“It bothers me that they are brainwashing the children, and you can’t do anything about it, because it’s the school, and they impose it,” says a mother from Holguín
By Antonio Rodríguez Paz (Diario de Cuba)
HAVANA TIMES – “My son doesn’t know anything about politics, let alone understand what’s going on between Russia and Ukraine, at age 13, but at school they talk to him about it, and I’m worried about what they’re teaching him,” says Milagros, a mother from Holguin worried about the excessive ideologization in Cuban schools.
“As soon as the year began, they held a parents’ meeting so that we would help them watch the Mesa Redonda (Round Table) and the Noticiero (News Broadcast), as they are required to know what is being said there. Otherwise, they will be left reviewing that ‘content’ after school,” adds Milagros.
“It has always been like that, but now the emphasis on politics is much greater. And now they are focused on the war in Ukraine; they want the kids to learn that the culprit is the United States, that the United States forced Russia to invade that country.”
“Most parents don’t care, they don’t see how serious the issue is, because they are uninformed, but not me. My brother lives in Spain and sends me news of what is happening. This is a crime and they want, as always, to blame it on the United States. It bothers me that they are brainwashing the children, and you can’t do anything about it, because it’s the school, and they impose it,” she concluded, upset.
Indira, another mother with two children at school, does not think it is serious, as she believes that “what they study at school is not that important.” In her view, for the children, “both mathematics and politics are just things that they’re going to be evaluated on, they’re not going to retain it after the exam. They?re not interested in politics, in any of those things they don?t see reflected in practice.”
“I have two, one in eighth grade and the other in eleventh, and the only thing they talk about is going abroad, about leaving, about neighbors or friends who have left and communicate with them. They know that the future isn?t here or in those policies; although they try to ingrain it in them, it doesn’t work,” she adds, confident in the power of reality to overcome manipulation.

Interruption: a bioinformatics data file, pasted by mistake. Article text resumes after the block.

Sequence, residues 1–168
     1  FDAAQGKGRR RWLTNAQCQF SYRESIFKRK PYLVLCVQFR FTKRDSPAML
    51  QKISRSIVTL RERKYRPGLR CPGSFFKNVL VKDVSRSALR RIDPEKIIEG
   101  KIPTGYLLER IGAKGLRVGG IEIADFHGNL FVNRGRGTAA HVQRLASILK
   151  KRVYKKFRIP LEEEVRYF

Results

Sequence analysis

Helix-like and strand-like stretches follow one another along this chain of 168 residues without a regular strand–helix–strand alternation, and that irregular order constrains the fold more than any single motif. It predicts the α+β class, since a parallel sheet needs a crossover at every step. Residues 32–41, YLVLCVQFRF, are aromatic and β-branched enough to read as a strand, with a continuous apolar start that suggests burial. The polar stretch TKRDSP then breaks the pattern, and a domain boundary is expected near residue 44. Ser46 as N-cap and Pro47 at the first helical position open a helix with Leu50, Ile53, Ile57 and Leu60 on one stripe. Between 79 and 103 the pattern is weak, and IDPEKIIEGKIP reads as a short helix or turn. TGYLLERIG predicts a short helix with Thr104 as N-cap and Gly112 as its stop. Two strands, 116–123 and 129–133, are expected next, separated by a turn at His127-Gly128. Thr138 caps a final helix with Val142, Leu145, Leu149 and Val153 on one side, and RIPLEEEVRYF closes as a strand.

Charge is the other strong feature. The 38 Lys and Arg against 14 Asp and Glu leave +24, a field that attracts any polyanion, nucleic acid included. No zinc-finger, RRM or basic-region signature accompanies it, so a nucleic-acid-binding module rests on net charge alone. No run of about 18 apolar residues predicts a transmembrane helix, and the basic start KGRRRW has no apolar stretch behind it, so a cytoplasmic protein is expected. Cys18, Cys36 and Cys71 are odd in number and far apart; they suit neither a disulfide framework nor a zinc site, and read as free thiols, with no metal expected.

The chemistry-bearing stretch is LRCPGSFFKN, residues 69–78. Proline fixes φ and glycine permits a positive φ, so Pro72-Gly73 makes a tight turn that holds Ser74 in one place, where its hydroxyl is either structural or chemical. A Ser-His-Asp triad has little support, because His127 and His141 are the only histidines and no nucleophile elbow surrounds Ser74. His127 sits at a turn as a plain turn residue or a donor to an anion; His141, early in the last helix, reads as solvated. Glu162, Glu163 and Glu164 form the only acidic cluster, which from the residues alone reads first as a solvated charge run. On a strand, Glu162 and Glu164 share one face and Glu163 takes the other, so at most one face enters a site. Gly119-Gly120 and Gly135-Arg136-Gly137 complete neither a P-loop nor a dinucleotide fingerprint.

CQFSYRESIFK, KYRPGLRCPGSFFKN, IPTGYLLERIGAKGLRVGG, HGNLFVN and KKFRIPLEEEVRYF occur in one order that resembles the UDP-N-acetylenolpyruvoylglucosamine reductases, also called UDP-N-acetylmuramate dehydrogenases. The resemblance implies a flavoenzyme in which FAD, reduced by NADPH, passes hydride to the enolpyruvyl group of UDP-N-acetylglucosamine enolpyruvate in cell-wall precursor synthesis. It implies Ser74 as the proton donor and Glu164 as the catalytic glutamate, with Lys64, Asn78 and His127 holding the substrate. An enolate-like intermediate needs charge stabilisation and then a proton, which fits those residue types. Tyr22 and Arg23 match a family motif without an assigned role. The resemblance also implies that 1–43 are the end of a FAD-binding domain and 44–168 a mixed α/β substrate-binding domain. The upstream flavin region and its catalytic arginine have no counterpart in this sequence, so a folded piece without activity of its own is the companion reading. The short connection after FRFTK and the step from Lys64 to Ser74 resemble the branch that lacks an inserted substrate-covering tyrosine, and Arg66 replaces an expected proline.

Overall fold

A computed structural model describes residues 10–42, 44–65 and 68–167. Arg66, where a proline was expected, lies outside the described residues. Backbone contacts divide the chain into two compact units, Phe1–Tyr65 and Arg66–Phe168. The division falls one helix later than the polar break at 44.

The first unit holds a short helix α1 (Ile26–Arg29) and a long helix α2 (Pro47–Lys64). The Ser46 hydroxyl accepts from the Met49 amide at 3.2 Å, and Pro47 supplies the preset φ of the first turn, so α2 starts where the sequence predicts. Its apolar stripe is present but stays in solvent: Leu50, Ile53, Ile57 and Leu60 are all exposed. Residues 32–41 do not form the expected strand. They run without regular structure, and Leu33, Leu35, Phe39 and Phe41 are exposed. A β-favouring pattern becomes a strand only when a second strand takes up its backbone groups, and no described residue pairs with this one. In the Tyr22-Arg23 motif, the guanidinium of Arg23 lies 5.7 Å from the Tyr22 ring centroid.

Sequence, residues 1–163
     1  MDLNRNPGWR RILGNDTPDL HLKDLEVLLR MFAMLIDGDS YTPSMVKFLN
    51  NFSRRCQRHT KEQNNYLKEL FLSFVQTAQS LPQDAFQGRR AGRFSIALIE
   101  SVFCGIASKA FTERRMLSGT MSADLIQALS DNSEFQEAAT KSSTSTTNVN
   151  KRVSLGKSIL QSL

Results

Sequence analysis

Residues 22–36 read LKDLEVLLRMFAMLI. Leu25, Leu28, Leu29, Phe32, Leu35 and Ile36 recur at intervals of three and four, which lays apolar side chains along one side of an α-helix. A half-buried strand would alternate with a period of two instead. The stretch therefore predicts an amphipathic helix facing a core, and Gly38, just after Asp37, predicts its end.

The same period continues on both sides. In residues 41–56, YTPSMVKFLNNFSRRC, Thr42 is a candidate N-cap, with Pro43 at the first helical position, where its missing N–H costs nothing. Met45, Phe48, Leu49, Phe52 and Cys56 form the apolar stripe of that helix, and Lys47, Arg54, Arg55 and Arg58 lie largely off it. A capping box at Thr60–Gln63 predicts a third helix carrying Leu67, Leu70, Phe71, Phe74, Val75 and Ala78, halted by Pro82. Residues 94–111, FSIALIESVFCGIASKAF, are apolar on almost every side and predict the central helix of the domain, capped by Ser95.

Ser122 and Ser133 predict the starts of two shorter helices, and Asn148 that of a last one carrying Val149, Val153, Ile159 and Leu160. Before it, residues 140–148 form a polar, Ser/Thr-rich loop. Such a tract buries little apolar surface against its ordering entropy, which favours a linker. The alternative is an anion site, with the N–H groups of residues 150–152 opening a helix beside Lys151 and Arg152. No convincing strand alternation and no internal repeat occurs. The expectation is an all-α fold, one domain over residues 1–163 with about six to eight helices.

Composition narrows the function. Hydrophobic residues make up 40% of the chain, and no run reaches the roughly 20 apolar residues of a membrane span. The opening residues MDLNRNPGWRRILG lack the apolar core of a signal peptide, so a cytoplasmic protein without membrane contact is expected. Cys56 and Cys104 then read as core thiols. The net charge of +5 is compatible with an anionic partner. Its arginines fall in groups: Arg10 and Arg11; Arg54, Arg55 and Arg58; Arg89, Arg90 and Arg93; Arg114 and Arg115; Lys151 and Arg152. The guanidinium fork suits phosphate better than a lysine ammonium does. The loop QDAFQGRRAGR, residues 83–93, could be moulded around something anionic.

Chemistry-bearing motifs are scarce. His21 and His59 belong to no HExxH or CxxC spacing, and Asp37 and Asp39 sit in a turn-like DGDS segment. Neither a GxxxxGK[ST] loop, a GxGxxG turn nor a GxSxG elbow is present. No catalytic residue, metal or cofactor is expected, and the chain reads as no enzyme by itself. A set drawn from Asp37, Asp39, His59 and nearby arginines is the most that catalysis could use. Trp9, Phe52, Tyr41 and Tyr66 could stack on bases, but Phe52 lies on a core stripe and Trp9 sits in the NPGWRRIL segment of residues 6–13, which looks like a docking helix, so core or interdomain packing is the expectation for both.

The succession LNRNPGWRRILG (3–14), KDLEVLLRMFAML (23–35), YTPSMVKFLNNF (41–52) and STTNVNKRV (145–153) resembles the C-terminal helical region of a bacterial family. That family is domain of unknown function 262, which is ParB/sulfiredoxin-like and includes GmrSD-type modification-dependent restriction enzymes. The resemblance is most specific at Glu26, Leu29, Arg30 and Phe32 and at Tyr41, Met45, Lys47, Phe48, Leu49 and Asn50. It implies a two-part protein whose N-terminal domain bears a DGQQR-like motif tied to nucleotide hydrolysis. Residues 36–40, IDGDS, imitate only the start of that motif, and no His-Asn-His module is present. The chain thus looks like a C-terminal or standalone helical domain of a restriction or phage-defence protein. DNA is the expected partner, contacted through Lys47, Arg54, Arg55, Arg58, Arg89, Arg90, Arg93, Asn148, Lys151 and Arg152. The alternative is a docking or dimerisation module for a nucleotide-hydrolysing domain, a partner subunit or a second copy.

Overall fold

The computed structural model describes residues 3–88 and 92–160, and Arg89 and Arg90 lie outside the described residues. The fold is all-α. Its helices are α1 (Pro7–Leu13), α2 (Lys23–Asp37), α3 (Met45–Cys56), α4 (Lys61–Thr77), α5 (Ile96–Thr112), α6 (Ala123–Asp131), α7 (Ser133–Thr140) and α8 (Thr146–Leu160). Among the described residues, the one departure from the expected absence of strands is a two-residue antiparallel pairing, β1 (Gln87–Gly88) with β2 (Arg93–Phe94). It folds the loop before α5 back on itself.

The Cuban educational system is characterized by its marked ideological component, but this has lost its effectiveness in recent decades, and the regime has been showing signs of concern for years.
This worry visibly increased after the July 11 protests. The regime responded, firstly, by inducing fear through the imprisonment of young people and adolescents detained for participating in the demonstrations. Second, it has intensified propaganda aimed at the young, something that Miguel Díaz-Canel has called “differentiated attention.”
Propaganda in schools about Russia’s war against Ukraine is, apparently, part of this worldview that the regime is striving to instill in the minds of young people.
Yoleisis Torres, from Holguín, is concerned that “political manipulation and indoctrination are part of the content in the classes” because he and his family, including his sixth-grade son, are Jehovah’s Witnesses.
“We have to put up with such political content and, worst of all, distorted reality. We have our interpretation of the events of the war in Ukraine, and it’s very different from what is cited on the news. But, out of caution I have told my son not to give his opinion at school because there you can only say ‘it’s America’s fault.’ It would be bad for him to refute that imposed view, even in religious matters. The atmosphere is very politicized. “
“We prepared our children to ignore that information, but without confrontation, without controversy, so that it doesn?t affect them in their scholastic or Christian development according to our precepts, but there are always risks, and they’re vulnerable,” he added. “There is peer pressure and the effect of the teacher’s leadership in that environment. It’s a challenge, but there’s nothing else that can be done to avoid it.”
The Cuban regime is one of the few governments in the world that has justified Russia’s invasion of Ukraine, which began last February 24, violating the sovereignty of that European country and already producing thousands of deaths, 2.5 million refugees, and millions in material losses. The international community’s condemnation of the act is almost unanimous, with the exception of dictatorships and authoritarian regimes such as Cuba, which abstained from voting at the UN on the subject.
The government media is portraying Russia as a victim and accusing the United States of forcing Moscow to invade Ukraine.